DOT CDL license PHYSICAL exam Queens NY Certified Medical Examiner

>At 129-10 23rd Avenue, College Point, Queens, NY 11356
Dr. Richard Matteo

Call for an appointment 718-463-1166

There is ample free parking for both cars and trucks

Optional exam site in Merrick, Nassau County and Middle Island, Suffolk County, call for more information!

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Concussions may lead to Alzheimer’s brain plaques

People who suffer concussions may be at a higher risk of developing plaques on the brain found in people with Alzheimer’s disease, according to a study featured in the journal Neurology.

The new research released today examines the relationship between concussions and amyloid beta plaques in the brain. While the study couldn’t prove causation, it helps shed light into the possible long-term effects of traumatic brain injuries.

Know the Risk Factors for Alzheimer’s Disease694940094001_1389249470001_640-brain.jpg

Trauma’s Effect on the Brain
Study author Michelle Mielke, a researcher at the Mayo Clinic, scanned the brains of 589 people ages 70 or older. Of those, 141 had symptoms of mild cognitive impairment. All were asked about whether they’d suffered a concussion in the past.

Researchers found the 17 percent of the 448 people without thinking or memory problems reported a brain injury, while 18 percent of the 141 people with memory problems reported a concussion or other head trauma.

The brain scans reveled no differences among the people without memory and thinking impairments, regardless of past head trauma.

Those with memory and thinking impairments and a history of head trauma, however, had an average of 18 percent more amyloid beta plaques—the hallmark of Alzheimer’s disease—than those with no history of head trauma.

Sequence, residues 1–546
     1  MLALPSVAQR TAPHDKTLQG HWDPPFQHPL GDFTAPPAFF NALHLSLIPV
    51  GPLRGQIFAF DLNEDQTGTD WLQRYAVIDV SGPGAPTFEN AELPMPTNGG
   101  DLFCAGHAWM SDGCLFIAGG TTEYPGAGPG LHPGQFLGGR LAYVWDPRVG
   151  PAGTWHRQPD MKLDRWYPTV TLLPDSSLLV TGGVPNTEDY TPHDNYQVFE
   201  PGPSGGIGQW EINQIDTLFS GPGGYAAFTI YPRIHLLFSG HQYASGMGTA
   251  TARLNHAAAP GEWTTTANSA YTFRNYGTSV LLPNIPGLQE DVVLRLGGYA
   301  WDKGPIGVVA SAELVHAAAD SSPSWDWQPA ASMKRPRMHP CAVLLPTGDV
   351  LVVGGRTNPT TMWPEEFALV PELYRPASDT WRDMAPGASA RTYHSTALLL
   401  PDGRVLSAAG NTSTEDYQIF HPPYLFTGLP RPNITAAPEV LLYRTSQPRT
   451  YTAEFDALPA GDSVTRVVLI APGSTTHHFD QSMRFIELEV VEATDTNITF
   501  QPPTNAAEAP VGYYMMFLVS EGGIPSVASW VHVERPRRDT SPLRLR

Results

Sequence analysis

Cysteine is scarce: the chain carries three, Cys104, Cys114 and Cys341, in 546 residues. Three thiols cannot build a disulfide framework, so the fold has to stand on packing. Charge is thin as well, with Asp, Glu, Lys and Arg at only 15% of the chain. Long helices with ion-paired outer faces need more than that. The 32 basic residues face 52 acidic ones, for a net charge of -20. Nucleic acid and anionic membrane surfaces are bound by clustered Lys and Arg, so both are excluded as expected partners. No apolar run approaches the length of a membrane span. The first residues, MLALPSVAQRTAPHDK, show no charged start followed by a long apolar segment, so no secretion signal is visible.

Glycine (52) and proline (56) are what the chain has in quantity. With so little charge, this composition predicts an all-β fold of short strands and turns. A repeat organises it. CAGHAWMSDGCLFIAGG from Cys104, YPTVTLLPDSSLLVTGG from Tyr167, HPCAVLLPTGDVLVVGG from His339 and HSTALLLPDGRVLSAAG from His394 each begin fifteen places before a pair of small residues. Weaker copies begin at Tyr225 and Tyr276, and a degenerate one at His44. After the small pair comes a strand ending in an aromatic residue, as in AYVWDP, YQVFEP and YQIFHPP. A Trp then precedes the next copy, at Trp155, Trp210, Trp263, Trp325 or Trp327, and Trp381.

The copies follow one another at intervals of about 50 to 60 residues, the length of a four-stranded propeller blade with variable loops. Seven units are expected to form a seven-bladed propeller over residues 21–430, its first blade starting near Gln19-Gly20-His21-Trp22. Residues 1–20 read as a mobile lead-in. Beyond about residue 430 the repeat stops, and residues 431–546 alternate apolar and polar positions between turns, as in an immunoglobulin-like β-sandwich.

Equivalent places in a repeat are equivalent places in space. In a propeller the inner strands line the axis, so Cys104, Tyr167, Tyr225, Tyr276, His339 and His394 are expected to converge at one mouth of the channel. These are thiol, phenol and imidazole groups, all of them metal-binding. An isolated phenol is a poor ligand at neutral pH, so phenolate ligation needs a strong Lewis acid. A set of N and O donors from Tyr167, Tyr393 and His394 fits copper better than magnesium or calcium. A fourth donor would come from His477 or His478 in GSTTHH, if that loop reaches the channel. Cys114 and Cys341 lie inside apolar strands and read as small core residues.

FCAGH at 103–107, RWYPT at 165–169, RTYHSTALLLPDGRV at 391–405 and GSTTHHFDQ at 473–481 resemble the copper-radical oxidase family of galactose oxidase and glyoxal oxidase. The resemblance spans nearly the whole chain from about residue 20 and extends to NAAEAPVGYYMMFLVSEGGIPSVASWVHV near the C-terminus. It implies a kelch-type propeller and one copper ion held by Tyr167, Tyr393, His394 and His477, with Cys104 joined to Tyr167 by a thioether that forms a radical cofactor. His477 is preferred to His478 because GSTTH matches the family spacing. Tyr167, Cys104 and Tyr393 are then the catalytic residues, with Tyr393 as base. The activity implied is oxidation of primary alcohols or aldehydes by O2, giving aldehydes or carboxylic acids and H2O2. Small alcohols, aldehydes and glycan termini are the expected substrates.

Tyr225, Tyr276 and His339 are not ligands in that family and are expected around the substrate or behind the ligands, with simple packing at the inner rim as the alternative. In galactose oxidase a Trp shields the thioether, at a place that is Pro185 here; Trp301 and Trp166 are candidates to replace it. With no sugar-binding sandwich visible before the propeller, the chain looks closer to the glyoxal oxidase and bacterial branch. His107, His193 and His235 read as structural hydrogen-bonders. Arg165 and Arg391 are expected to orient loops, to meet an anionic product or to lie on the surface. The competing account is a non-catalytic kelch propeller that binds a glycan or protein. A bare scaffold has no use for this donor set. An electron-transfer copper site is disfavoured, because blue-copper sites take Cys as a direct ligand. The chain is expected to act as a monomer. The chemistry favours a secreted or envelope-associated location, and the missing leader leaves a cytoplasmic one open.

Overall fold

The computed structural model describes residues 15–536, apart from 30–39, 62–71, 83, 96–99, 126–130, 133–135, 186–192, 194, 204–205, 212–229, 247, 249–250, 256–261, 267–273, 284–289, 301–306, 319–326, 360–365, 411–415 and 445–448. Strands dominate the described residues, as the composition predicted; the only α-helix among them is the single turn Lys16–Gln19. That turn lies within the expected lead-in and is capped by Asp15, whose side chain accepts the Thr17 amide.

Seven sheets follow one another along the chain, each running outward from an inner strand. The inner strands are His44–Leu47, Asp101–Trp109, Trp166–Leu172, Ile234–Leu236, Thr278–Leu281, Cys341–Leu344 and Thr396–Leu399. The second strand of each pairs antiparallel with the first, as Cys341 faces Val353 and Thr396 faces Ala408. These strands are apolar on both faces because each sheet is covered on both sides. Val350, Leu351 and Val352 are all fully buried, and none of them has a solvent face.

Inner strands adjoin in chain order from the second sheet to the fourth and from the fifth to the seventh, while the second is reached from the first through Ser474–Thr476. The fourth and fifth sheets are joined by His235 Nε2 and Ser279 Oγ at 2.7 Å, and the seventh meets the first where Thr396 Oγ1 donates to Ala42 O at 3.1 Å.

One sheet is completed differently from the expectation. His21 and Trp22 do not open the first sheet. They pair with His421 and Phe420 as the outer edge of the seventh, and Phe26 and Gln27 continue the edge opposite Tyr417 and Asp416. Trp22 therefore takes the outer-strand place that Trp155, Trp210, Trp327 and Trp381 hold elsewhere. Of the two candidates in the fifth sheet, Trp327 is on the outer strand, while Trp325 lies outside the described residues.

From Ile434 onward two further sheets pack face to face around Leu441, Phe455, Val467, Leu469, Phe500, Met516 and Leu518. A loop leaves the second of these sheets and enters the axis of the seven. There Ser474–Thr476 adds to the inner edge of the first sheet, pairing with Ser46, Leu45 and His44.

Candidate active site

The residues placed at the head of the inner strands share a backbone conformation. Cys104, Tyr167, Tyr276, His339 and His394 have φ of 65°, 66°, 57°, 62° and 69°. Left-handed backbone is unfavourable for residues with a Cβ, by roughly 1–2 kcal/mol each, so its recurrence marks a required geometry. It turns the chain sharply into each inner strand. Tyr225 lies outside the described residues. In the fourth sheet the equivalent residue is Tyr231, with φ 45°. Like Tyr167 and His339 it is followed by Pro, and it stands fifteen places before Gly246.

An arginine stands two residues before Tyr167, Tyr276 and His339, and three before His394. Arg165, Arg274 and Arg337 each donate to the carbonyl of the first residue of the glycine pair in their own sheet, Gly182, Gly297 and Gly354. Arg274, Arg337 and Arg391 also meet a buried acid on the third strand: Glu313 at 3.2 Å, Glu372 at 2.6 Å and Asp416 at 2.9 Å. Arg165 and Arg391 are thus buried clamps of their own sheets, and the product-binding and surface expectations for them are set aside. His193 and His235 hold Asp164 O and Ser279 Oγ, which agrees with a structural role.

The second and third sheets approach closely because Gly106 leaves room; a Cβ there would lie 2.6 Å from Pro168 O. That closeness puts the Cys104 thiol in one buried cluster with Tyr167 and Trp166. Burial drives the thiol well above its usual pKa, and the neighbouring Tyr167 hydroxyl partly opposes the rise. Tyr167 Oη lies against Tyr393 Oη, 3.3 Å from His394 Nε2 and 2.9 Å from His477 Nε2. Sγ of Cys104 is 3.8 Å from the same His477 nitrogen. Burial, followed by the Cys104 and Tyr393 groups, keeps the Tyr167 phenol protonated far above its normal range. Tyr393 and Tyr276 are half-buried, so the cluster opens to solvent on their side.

“Interestingly, in people with a history of concussion, a difference in the amount of brain plaques was found only in those with memory and thinking problems, not in those who were cognitively normal,” Mielke said in a statement. “Our results add merit to the idea that concussion and Alzheimer’s disease brain pathology may be related.”

Mielke did note that any relationship between head trauma and amyloid plaque development is likely complex.

What’s the Difference Between Alzheimer’s and Dementia?

More Research Required
Calling the study’s findings “intriguing,” Keith Fargo, director of publications and outreach for the Alzheimer’s Association, said it raises more questions than it answers and that more studies are needed, particularly long-term ones that follow people throughout their lives.

“It’s an interesting piece of an overall puzzle,” he said. “We’re glad people are doing research in this area. We need to know more about head injury and dementia later in life.”

According to the Alzheimer’s Association, previous research has been linking brain injuries to dementia and other cognitive problems for more than 30 years.